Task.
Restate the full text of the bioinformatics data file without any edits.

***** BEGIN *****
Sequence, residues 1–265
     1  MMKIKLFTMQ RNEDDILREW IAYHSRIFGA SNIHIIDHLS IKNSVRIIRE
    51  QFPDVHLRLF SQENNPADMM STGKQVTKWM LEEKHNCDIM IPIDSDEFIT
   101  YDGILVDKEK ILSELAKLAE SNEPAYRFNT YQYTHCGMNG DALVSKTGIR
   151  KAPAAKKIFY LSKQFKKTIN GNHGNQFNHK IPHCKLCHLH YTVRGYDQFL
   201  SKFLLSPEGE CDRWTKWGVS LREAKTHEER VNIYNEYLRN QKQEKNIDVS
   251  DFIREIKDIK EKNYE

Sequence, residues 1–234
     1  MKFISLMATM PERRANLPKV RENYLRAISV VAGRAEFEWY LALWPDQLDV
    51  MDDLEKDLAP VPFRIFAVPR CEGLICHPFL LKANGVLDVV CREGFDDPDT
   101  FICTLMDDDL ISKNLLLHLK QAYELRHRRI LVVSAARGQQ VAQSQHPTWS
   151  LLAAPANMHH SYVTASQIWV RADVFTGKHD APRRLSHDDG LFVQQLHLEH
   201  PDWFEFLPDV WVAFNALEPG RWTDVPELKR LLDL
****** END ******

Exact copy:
Sequence, residues 1–265
     1  MMKIKLFTMQ RNEDDILREW IAYHSRIFGA SNIHIIDHLS IKNSVRIIRE
    51  QFPDVHLRLF SQENNPADMM STGKQVTKWM LEEKHNCDIM IPIDSDEFIT
   101  YDGILVDKEK ILSELAKLAE SNEPAYRFNT YQYTHCGMNG DALVSKTGIR
   151  KAPAAKKIFY LSKQFKKTIN GNHGNQFNHK IPHCKLCHLH YTVRGYDQFL
   201  SKFLLSPEGE CDRWTKWGVS LREAKTHEER VNIYNEYLRN QKQEKNIDVS
   251  DFIREIKDIK EKNYE

Sequence, residues 1–234
     1  MKFISLMATM PERRANLPKV RENYLRAISV VAGRAEFEWY LALWPDQLDV
    51  MDDLEKDLAP VPFRIFAVPR CEGLICHPFL LKANGVLDVV CREGFDDPDT
   101  FICTLMDDDL ISKNLLLHLK QAYELRHRRI LVVSAARGQQ VAQSQHPTWS
   151  LLAAPANMHH SYVTASQIWV RADVFTGKHD APRRLSHDDG LFVQQLHLEH
   201  PDWFEFLPDV WVAFNALEPG RWTDVPELKR LLDL